The 'Geometry' module contains several methods for the measurement of distance, angle and torsion angle among atoms:

In [6]:
a1 = mol.m1.A2.O4_   # the actual name for this atom is "O4'"
a2 = mol.m1.A2.C1_
a3 = mol.m1.A2.N9
a4 = mol.m1.A2.C4
get_distance(a1, a2)


In [7]:
get_angle(a1, a2, a3)


In [8]:
chi = get_torsion(a1,a2,a3,a4)
print('the CHI torsion angle is {}'.format(chi))

the CHI torsion angle is -114.6114797744751

compute the interaction between atoms

The 'Interaction' module provides several methods to check the interaction between atoms:

  • get_hydrogen_bond: check whether hydrogen bond formation between given atoms
  • get_polar_interaction: compute the polar interaction between given atoms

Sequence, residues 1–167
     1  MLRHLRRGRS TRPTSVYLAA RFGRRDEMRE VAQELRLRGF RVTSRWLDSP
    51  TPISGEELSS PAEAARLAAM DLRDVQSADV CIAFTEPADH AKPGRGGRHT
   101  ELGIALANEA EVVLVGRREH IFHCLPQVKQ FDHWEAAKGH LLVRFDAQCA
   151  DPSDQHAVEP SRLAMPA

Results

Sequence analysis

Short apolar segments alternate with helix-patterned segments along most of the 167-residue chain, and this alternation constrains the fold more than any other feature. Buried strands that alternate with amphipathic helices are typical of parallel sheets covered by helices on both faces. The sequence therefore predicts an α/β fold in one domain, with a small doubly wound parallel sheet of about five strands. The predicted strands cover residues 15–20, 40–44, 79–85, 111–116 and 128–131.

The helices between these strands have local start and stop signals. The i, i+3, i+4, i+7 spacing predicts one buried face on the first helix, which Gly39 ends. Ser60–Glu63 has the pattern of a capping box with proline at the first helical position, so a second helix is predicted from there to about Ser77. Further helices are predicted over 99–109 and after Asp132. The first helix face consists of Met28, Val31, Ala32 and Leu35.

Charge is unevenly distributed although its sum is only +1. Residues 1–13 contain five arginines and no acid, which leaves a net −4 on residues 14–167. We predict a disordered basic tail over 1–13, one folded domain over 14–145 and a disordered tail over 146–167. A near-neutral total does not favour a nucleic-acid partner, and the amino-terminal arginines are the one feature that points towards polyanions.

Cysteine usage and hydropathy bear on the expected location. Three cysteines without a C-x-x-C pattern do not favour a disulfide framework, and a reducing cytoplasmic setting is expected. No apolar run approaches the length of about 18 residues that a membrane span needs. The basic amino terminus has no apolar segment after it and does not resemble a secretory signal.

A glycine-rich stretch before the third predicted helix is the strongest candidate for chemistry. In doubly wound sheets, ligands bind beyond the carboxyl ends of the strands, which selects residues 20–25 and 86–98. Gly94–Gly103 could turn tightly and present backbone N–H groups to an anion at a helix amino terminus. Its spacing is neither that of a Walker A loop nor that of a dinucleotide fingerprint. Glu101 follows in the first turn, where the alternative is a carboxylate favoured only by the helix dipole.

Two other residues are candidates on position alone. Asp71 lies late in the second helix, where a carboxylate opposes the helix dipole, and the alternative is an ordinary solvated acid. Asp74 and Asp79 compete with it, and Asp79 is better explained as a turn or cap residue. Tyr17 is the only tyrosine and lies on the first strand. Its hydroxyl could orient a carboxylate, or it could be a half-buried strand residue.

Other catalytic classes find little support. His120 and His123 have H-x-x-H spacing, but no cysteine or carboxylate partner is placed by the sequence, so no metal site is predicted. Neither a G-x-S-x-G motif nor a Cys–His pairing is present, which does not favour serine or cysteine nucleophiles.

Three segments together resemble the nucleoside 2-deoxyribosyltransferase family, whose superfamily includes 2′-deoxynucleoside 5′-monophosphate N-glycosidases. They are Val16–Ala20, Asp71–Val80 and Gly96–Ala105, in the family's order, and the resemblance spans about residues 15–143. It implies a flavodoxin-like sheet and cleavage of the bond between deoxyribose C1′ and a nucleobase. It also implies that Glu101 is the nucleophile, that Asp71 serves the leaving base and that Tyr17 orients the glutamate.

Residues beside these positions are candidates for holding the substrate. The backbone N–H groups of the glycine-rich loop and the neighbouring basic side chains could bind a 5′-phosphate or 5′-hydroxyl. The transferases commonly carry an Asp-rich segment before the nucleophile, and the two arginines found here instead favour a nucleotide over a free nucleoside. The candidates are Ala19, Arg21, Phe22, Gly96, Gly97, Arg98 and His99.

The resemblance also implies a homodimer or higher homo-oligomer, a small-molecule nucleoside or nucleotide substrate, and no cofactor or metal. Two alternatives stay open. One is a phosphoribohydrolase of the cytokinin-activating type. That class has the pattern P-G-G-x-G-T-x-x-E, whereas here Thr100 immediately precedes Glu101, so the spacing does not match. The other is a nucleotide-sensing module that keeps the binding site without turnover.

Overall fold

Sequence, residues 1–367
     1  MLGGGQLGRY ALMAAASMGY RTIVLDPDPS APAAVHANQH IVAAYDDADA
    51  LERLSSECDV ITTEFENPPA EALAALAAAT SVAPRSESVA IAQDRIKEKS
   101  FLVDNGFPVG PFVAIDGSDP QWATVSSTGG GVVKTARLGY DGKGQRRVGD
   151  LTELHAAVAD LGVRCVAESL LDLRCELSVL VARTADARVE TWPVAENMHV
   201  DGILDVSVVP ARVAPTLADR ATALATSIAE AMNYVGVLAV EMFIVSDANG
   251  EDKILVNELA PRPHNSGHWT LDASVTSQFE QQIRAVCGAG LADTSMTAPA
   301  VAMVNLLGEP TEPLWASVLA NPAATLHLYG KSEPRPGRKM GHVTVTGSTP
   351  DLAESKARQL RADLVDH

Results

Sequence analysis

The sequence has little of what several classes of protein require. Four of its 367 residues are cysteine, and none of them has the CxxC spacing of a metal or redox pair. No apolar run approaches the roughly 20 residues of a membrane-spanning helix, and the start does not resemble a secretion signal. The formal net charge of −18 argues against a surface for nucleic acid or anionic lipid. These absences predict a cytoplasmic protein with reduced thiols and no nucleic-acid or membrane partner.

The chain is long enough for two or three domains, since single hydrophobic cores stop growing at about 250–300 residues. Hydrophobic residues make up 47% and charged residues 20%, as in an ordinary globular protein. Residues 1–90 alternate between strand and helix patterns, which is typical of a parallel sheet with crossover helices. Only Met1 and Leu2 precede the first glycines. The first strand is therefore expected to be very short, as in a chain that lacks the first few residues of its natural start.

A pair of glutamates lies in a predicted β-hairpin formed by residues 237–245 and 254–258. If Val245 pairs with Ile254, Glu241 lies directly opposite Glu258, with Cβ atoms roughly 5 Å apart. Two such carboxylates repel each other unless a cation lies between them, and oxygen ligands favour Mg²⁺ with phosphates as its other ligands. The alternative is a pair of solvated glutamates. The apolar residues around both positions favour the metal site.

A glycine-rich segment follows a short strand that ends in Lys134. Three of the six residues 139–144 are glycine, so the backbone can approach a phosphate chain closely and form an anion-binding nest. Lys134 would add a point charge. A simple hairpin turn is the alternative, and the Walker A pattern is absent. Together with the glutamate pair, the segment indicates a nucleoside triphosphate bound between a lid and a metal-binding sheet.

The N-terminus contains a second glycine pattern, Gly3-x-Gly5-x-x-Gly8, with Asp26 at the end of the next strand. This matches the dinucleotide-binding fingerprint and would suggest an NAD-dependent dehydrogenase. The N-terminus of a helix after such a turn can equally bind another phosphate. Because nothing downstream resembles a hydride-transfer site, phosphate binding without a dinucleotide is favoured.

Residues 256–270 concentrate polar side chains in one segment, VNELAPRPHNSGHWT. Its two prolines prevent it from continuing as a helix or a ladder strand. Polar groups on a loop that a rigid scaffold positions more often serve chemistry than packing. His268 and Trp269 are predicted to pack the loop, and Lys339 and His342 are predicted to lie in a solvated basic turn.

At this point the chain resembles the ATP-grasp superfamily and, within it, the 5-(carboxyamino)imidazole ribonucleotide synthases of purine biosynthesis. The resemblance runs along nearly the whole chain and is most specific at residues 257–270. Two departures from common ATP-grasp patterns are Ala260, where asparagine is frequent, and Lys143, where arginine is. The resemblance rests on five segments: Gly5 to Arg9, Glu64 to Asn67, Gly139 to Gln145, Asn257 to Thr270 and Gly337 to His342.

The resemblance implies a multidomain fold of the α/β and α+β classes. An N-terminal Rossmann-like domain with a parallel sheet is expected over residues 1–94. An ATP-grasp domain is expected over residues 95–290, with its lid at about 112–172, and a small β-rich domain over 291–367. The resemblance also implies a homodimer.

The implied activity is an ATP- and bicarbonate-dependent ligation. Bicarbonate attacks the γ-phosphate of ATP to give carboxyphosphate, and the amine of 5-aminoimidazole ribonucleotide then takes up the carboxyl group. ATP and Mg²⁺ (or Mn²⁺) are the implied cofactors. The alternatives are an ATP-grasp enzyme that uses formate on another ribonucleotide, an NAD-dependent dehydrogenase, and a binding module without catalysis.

• get_pi_pi_interaction: compute the aromatic pi-pi interaction between given atom groups

In [11]:
a5 = m1.A2.N6
a6 = m1.A2.H61
a7 = m1.A1.O2
print(get_hydrogen_bond(a5, a7, a6))  #arguments order: donor, acceptor, donor_H=None
print(get_polar_interaction(a5, a7))

(False, 10.638108149478457, 118.41191960964946)
(False, 10.638108149478457)

Structure alignment

The 'Structural_alignment' module provide funtion to align a set of molecules. The RMSD values for the strcuture superimpose can be calculated, coordinates of the aligned structure can also be updated.

In [3]:
m1 = mol.m1
m2 = mol.m2
molecule_list = [m1,m2]

residue_range = [[1,2],[1,2]]
sa = Structural_alignment(molecule_list, residue_range, update_coord=False)

[2.0068643949461528e-15, 0.94370990160247836]

Sequence alignment